Jacked on coffee that could double as art—I mean the Bugaboo baristas have been known to pour milk into espresso to make it take the shape of a freaking panda for goodness sakes—we clicked in, did our mach-30 frontside warm-ups, and then headed for SilverStar’s ample backside off Vance Creek, first on an extended, lonely blue called Eldorado. The run, the resort’s longest, gnaws at my quads for nearly five miles. About halfway down, a traverse shoots off through the woods that leads to an unpatrolled backcountry area and a double-black called Alder Point. For now, though, we stick to the piste and land at the bottom of Putnam Creek, where we hop on the Powder Gulch Express quad for a ride up to Paradise Camp. I’m thankful for the eight-minute rest.

SilverStar Mountain Resort
PHOTO: Jackson Parker

“C’mon, Neville,” Heidi says, handing me an almond bar she had stashed away from the bakery. “We’ve got das gnar to schralpen.”

We make the run before lunch arcing fast turns down Caliper Ridge, right under the lift, and then afterward we give Gowabunga a go, a double black. It’s been a few days since the last storm, but the snow is chalky and soft and squeezes out a soft sigh as I rail my edges into it. The speed forces air under my goggles and makes my eyes water.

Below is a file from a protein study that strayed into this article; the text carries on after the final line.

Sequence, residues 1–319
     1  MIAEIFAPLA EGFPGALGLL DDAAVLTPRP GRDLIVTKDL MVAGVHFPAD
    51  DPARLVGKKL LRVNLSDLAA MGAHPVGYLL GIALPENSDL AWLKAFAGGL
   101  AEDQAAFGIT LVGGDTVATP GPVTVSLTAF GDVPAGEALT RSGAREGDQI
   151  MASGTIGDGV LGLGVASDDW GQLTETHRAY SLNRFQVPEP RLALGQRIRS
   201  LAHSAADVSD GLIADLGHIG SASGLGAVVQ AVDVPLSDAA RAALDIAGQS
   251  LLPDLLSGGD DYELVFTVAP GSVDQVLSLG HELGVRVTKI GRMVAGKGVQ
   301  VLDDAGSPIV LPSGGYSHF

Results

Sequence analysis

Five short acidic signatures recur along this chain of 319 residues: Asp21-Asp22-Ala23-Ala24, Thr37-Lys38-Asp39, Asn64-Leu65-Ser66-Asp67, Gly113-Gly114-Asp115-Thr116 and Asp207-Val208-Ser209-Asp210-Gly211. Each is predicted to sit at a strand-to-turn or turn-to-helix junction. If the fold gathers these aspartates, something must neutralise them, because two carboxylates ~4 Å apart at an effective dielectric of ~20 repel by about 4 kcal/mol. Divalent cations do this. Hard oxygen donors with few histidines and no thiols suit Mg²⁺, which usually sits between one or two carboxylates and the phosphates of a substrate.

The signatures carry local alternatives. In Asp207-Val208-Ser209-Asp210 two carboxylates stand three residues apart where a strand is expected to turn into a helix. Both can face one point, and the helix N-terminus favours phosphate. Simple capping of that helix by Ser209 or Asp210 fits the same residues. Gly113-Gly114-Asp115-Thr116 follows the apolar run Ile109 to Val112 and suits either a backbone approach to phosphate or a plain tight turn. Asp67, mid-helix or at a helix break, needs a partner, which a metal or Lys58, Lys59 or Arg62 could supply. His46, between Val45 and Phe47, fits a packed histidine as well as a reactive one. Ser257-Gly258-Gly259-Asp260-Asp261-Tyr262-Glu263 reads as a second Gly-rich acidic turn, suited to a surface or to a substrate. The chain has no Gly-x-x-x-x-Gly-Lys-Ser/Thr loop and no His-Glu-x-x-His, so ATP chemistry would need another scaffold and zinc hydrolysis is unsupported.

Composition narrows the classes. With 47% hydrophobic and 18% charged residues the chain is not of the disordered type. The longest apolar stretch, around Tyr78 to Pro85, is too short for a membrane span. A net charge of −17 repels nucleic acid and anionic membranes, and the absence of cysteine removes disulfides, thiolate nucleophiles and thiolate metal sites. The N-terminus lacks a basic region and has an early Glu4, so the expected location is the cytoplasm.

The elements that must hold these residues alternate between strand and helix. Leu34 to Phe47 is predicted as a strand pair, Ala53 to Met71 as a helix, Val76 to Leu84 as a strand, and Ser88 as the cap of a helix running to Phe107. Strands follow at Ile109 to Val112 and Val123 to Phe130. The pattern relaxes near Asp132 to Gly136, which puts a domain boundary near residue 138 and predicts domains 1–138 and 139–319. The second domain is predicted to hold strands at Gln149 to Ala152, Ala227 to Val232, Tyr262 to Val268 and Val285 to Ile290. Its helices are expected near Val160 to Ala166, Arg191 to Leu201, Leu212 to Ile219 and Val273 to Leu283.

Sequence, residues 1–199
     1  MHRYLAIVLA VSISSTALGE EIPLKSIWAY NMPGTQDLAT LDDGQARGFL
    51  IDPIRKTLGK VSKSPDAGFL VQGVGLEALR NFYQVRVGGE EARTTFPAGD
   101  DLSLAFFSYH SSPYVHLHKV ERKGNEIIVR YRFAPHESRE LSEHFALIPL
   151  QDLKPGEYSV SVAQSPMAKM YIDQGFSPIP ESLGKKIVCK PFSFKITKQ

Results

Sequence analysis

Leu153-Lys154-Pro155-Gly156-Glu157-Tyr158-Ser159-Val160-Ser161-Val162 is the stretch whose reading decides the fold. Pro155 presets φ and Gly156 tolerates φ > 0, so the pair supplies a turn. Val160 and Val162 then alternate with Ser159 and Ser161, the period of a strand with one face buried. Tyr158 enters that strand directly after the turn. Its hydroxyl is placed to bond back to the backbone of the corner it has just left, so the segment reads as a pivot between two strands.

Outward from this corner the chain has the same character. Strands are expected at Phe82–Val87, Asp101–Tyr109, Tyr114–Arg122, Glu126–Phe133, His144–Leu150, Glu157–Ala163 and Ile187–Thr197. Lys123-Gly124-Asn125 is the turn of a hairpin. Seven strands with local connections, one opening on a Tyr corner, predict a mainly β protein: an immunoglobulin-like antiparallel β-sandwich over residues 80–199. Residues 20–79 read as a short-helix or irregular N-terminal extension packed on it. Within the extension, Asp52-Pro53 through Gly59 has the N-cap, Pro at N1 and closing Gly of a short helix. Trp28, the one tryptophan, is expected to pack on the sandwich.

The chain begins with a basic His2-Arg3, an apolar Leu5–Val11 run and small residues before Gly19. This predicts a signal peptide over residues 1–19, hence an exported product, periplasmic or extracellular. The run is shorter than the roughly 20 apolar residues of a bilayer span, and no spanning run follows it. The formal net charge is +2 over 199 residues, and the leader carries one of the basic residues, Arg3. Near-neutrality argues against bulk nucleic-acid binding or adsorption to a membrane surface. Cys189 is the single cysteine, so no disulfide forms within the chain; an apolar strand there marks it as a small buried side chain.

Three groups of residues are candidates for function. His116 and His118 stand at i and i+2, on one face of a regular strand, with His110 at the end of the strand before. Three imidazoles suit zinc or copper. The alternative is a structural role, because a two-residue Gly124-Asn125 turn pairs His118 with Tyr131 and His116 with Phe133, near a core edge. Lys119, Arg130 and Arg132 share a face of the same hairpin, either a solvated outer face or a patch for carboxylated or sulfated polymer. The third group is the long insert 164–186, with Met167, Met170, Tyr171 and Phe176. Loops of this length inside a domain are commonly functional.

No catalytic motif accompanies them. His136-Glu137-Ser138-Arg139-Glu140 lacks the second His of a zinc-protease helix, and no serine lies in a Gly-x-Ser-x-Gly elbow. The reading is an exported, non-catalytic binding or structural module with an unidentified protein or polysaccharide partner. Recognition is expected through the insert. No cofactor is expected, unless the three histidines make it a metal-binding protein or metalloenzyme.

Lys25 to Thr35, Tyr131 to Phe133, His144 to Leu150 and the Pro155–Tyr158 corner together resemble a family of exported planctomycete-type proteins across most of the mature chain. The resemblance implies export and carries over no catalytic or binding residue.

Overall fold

That evening Heidi and I celebrate with old fashioneds and poutine done right—the curds must squeak—at The Den, a cozy bistro with live music from time to time. From there we wander over to Long John’s, a rock-and-timber watering hole, for pasta and ribs and pints and, oh why not, a gooey mound of awesome lava cake, too.

A light snow falls overnight and into the morning, socking in the views. Heidi and I linger at the bakery a little longer than we did yesterday. Some locals tell us on days like this we should stick to the trees, which means we have plenty of options. We boot up and head out, a flakey bit of banketstaaf on reserve in my pocket.

Today’s mission begins with a drop right out of the village again, no lift ride required, a bonus of having a base exactly a mile above sea level. We head skier’s right of the Silver Woods Express and hit the nicely spaced pines in Robin’s Hood before drifting into the Sherwood Forest. From there we traverse far to skier’s left and ride the Schumann Summit Express to the top, a gondola that comes right out of the village. The backside calls, but this time we check out more glades in Deer Park, a black-diamond forest that leads to Lower Deer Park, another black-diamond forest, that spills into the Trinity Trees, a more forgiving glade. Heidi and I open the throttle and then make our way all the way back to the top.